Having worked in the PR industry for more than a decade I have been some significant changes, not least the move to more online mediums and methods of communication. There was once a time when you would draft, approve and print a press release before spending hours at a fax machine – not any more.
Digital technology and new ways of working mean you can have a press release drafted and out of the door in a matter of hours. It isn’t just ways of working that have changed however with more newspapers featuring online content that can be viewed and then shared with millions of people around the globe at the touch of a button.
Despite how easy it is to go online I can’t help but feel a little sad that we are losing the tangible benefit to having a paper and more importantly, in my opinion, the experience that print media delivers; getting a cup of coffee, opening a paper, looking at the supplements, smelling the print, turning the pages, cutting pieces out for reference. It all adds to the whole experience of buying and reading the news.
There will be many people in the PR and marketing industry who will be shouting that I’m in the dark ages and to get with the times, after all you can bookmark or share articles in the same way you could cut out clippings and its simple and easy to turn on an iPad or even access the media through a smart phone while having a coffee but that’s not my point.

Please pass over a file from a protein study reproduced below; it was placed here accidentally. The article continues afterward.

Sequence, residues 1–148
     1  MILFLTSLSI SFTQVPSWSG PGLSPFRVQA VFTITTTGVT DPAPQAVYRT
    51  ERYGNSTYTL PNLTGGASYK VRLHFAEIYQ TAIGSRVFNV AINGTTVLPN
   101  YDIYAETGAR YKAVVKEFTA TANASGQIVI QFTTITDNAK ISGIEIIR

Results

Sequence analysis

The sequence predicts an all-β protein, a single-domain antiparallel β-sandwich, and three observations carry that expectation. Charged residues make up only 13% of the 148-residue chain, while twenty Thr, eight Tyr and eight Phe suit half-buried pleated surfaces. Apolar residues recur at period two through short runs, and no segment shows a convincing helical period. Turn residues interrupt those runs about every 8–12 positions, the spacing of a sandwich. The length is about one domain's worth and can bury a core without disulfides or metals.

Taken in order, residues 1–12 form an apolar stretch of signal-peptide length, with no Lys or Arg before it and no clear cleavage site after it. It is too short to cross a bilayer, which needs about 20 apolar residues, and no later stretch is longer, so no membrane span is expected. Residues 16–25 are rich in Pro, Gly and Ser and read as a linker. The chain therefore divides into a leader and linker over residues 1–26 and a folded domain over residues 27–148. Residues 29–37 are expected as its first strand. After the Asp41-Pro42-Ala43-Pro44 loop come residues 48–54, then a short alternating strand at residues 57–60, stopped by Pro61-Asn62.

We still find that when given the choice a client would rather see a full page printed piece in a regional or national newspaper, rather than a URL to a piece online. This may well change over time as people become more receptive to online news, who knows?
One piece which caught my eye recently featured in The Drum, a trade publication for the marketing industry. The headline read ‘The Guardian moves to deny ‘absurd’ rumours that it will go online only next year.’ Despite moves by the paper to contradict this suggestion, it would seem to me there is no smoke without fire and that perhaps their plan was to implement their five year strategy sooner.
It’s a shame that the print industry is in decline. Not only because of the process that I feel is so heart-warming when you buy a newspaper but also because there is a whole industry reliant on that income – beyond the sale of the papers themselves.
If we consider printers who have spent years in the same role, machinists who are professionals and passionate about their work, maintenance technicians who know the presses inside and out, designers who set the copy and imagery and then let’s not forget the paper boys / girls it paints a very gloomy picture to consider that all of these people will be without work.
I don’t personally want to see printed papers become a memory of times gone by and I hope that others feel the same way. The problem is that being a time poor society, trying to make ends meet during difficult economic conditions, for many of us the choice is made – free online publications at your fingertips in seconds, or a paid for printed version, which requires you to go to the shops or take out a subscription.
Long live print is what I say! However I get the impression that ‘stop press’ is going to take on a very new meaning over the next few years.